- Secondly, people have developed the thought that China will see President Trump’s proposal as an opportunity to open different industry sectors to foreign direct investment. This scenario will benefit all parties. The U.S. manufacturers will gain more business with China, and China’s economic growth will be boosted from all the foreign direct investment.
The result is still beyond anybody’s prediction. From his November visit, President Trump was able to sign billion worth of deals. The two countries sealed a total of 19 agreements covering bioscience, aviation, and smart manufacturing. It was also announced that Chinese e-commerce giant JD.com would buy billion of U.S. goods, predominantly beef and pork-based products. The U.S. was able to gain more exports from China and reduce the trade deficit. In return, China has proposed broader economic interaction between the two countries, including:
- Buying more manufactured products and energy from the United States
- Lifting export restrictions on hi-tech products so that more Chinese products can be imported to the U.S. to help reduce the trade deficit
- Having more opportunity to cooperate with the U.S. in research and development fields such as space and aviation
- Implementing the U.S. participating with the “Belt and Road Initiative” as well as the Asian Infrastructure Investment Bank
- Requesting the U.S. to tone down the Section 301 probe into alleged Chinese IP Violation
Stay tuned for our next Trumpdate coming to you at the end of March 2018.
Nearly a year ago, in January 2017, the roll-out of the Columbus Smart City plan was announced. As highlighted in one of our previous newsletters, it is a comprehensive plan proposed in October of 2016 includes new technologies, connected infrastructure, electric vehicles, integrated data platforms, and more. You may be asking “what’s next?”. Developments and plans for Smart City can be found on the Smart Columbus homepage (https://www.columbus.gov/smartcolumbus/). But that is not going to be the most recent project developing in Columbus. Now, it is the Hyperloop!
The Mid-Ohio Regional Planning Commission has proposed a plan to build a high-speed transportation system between Chicago-Columbus-Pittsburgh. It was announced in September of 2017 that the Midwest route is one of ten international finalists chosen, and one of four in the U.S.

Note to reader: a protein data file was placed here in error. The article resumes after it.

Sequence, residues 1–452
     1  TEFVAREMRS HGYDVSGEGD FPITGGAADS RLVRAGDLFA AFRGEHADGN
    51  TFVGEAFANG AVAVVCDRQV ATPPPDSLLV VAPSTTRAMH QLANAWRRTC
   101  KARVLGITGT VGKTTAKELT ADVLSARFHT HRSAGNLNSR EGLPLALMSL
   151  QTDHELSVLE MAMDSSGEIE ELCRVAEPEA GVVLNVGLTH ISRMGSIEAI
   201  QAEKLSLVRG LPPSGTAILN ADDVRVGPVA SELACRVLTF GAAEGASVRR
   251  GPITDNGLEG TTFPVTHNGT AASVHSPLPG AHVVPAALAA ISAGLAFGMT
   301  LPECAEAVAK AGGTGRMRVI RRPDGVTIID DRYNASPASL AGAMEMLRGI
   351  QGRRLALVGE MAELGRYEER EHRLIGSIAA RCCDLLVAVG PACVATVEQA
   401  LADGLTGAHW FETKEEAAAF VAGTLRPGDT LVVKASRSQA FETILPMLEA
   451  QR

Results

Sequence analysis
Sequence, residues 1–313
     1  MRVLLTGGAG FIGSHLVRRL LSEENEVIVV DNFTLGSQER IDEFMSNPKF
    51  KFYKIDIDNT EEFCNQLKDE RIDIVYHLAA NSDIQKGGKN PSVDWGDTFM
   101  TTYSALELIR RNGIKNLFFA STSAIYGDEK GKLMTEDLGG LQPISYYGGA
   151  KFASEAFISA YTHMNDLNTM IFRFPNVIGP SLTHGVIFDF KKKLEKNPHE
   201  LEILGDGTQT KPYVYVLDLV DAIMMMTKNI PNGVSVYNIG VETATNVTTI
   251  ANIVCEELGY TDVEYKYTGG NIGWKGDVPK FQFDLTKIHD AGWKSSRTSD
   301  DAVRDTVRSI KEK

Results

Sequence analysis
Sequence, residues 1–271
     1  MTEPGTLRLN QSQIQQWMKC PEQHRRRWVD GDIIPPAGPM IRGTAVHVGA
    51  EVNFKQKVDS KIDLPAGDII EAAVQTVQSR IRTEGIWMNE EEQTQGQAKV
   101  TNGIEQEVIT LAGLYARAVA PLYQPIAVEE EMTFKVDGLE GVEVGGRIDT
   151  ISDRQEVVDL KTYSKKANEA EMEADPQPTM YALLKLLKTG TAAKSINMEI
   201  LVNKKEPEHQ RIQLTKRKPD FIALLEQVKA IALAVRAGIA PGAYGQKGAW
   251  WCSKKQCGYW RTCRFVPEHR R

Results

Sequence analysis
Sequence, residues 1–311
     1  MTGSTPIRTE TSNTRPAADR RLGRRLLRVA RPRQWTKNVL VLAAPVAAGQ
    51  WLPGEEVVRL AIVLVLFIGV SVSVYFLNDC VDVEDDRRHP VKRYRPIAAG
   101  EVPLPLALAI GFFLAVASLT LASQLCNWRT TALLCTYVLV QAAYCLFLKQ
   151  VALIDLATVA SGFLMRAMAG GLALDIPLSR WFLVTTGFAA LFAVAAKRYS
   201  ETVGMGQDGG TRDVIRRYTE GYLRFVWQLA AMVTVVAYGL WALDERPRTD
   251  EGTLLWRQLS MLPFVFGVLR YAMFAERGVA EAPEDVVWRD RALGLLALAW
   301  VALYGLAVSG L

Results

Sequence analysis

Elon Musk, the founder of Tesla, invented the Hyperloop. It is a high-speed transportation system incorporating reduced-pressure tubes in which pressurized capsules ride on an air cushion driven by linear induction motor and air compressors. This new transportation technology will be a game changer for many industries.
The first industry is the aviation industry. If the Hyperloop is established, a 7-hour flight would take half the time. The airline companies that will be affected are those whose revenue comes from the domestic market. Next is the freight industry. Giant companies like Amazon will be very interested in high-speed freight services. Amazon fulfillment centers will be strategically placed along the Hyperloop routes. Lastly, the job market. The new Hyperloop transportation system will remake Columbus. Thea Walsh, Director of Transportation Systems and Funding for the Mid-Ohio Regional Planning Commission stated that, “For people who don’t have access to the big cities like even Columbus may have a way to get in here to access the job market.” The job market will be more competitive because the location barrier will be lower. For example, if you have a job in Columbus, you could live in your hometown of Chicago. Can you think of any places where that is currently the case?
There are many socio-economic factors that would benefit from the Hyperloop relating to the Columbus Smart City. Just look at some of the impacts the Bullet Train had on regional economies in China. Studies by the World Bank found that over the span of 10 years, 15 cities benefited in 209,609.5 million yuan in GDP. The transportation industry alone gained nearly 2,000 million yuan during the time.
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We have been publishing a quarterly newsletter for nearly two years to an exclusive list of email subscribers. With nearly 400 subscribers, we thought it was time to go public. We are proud to announce that ‘Issue #7: Industry 4.0’ will be hosted for the first time ever on our website. Industry 4.0 will feature a newly designed layout geared to be direct and user friendly. Check out past editions: http://www.889globalsolutions.com/889-global-solutions-newsletter/